Overall, it looks to me that the global economy is doing fine and growth appears to be accelerating gradually, which is in line with our long-held view.
‘Good news is bad news’: absolute rubbish
Markets have recently regularly responded negatively to good economic data, unleashing a new religion: the ‘good news is bad news’ faith. In that line of thinking, good economic news triggers expectations of tightening of monetary policy, which is considered bad for markets for risky assets. The supporters of this view point at what happened after Fed chair Bernanke first mentioned tapering of asset purchases in early May. Yields on 10Y US government bonds rose by 140 bp over a four month period. This was actually similar to the bond market’s response to the unexpected rise in official rates in February 1994. That period has gone down in the history books as a savage bear market in bonds. The rise in yields earlier this year had a big impact on capital flows in the world. Emerging markets saw large outflows and the S&P500 lost 100 points (initially, and then recovered all of the lost ground, and more.) The good news is bad news school teaches that something similar will happen when the Fed actually tapers and strong data brings that moment closer.
I think the argument described makes no sense whatsoever. I have several reasons for this. First, tapering is not a matter of if, but of when. That makes the recovery of markets for risky assets after the Fed’s failure to taper in September all the more surprising. Why would holders of risky assets stay in them and, in fact, rebuild positions, knowing that the moment of truth is coming anyway, be it in December or a couple of months later? One would be pushing one’s luck if one tried to stay until the last day before a big correction starts. My colleague Nick Kounis has referred to the period following the first mention of tapering as a ‘dry run’. Markets responded strongly and nervously, but in the end nothing happened, the Fed did not taper. The dry run gave everybody time to reflect. Virtually all emerging market economists that I have read responded by arguing that the negative reaction of the market was overdone as most emerging economies are in a much better position now than they were before previous US tightening cycles. Market participants appear to have taken that view on board, and emerging equities have regained more ground than they had originally lost. So why would they panic again when the tapering actually starts? Pushing up emerging equity markets in the meantime seems a stupid thing to do unless one is convinced of the argument that emerging economies will be better able than before to cope with a change in the direction of US monetary policy.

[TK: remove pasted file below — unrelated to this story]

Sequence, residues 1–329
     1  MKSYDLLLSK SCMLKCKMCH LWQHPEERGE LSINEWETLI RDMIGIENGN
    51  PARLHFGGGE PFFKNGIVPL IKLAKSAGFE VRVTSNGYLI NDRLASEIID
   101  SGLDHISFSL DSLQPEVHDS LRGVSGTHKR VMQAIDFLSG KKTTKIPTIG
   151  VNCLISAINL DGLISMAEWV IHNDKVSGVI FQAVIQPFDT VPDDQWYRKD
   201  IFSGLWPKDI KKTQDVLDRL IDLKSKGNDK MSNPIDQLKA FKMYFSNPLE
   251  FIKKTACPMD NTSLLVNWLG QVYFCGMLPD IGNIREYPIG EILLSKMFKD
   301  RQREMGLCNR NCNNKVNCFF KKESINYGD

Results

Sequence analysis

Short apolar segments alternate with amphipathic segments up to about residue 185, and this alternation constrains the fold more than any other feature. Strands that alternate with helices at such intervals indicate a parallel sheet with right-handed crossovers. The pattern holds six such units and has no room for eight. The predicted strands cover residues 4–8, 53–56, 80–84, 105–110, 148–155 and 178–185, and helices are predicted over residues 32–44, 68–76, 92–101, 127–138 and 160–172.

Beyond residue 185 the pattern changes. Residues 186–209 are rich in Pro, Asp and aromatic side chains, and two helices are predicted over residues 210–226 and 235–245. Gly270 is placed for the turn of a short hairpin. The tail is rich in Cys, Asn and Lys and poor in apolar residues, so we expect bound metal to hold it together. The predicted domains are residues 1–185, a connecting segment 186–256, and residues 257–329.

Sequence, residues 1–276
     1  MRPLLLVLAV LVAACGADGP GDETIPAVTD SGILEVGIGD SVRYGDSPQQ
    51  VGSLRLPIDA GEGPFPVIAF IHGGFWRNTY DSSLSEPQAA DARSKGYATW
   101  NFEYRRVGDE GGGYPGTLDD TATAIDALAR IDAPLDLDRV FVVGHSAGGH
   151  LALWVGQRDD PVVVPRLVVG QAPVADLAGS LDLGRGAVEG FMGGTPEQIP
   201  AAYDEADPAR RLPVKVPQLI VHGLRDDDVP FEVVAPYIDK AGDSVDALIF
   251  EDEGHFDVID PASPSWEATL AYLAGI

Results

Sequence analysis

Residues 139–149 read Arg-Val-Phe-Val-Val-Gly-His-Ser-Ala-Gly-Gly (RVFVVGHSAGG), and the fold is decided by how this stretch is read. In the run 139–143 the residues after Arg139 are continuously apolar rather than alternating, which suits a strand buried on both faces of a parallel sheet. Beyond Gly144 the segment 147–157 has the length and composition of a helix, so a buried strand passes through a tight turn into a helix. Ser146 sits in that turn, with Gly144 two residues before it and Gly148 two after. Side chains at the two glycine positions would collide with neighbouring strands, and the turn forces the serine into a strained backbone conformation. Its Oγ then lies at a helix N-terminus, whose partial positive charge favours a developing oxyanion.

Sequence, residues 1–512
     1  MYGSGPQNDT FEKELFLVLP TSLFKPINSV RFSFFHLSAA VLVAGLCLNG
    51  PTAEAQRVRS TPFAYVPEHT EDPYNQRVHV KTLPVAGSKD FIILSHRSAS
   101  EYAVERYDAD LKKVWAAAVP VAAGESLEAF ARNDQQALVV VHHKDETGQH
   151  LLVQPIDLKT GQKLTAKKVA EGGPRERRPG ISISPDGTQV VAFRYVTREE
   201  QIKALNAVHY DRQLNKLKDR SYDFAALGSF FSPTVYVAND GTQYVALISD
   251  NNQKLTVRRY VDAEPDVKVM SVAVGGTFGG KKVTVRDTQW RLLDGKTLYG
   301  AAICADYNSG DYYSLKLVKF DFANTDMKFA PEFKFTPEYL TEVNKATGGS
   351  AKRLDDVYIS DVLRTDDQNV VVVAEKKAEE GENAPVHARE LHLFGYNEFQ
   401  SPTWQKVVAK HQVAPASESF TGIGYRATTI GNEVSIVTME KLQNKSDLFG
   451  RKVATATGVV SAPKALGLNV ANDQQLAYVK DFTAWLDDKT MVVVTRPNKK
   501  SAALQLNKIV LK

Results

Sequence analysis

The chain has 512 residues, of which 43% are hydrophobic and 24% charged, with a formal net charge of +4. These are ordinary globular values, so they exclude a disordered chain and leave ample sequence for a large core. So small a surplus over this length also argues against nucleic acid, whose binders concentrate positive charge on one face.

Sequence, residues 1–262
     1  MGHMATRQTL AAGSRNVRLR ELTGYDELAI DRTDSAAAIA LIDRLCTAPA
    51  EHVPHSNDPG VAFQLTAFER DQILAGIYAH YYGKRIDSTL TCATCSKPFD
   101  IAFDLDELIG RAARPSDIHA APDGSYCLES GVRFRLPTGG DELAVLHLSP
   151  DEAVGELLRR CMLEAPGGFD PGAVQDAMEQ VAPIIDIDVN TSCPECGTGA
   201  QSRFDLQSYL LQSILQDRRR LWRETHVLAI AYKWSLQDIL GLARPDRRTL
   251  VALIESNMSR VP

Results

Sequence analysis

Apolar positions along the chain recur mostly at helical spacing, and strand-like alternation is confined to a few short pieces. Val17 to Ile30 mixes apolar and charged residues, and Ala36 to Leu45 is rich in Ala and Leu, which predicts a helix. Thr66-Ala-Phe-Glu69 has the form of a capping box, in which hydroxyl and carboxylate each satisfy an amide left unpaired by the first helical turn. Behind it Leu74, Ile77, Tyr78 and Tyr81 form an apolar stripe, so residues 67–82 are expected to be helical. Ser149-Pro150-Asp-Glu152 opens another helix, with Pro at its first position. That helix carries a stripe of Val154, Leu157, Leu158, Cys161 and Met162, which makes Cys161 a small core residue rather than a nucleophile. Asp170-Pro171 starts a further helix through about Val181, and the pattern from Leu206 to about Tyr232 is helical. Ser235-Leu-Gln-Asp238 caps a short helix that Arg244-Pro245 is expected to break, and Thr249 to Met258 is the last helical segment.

A second argument for not fearing the tapering is what happened to borrowing costs during the various programmes of quantitative easing. Just before and at the very beginning of the first QE programme, US government bond yields fell sharply. That however, was largely an announcement effect. Bond yields subsequently rose during the programme. The knee-jerk announcement effect of lower yields was much smaller in the case of QE-2 and QE-3. In fact, bond yields were higher at the end of QE2 than at the beginning and the same seems likely in the case of QE3. The conclusion I draw is that the effect of QE on bond yields is less impressive than people think and the reversal of the QE programme may equally have little impact.
A third argument is that the Fed must have been unpleasantly surprised by the market’s response to Bernanke’s remarks in May. As it turned out to have been only a dry run, the Fed can study the consequences carefully. One of their findings surely will be that the economy cannot cope with a rise in borrowing costs as large as occurred over such a short period of time and therefore the process of tapering must be cautious and well managed.
Markets for risky assets have done well in recent months and it is only natural that they would take a breather. But the case for risky assets remains overwhelmingly strong and is not weakened by the prospect of tapering in my view. Accelerating growth will improve credit quality and provide another push to profit growth. And with central banks now perhaps a little more mindful of inflation undershooting their targets, it seems very unlikely that they will follow a particularly restrictive monetary policy. The combination of accelerating growth, easing inflation, at best modestly rising borrowing costs and return prospects for other assets looking unattractive, mean that the appeal of risky assets continues to be strong.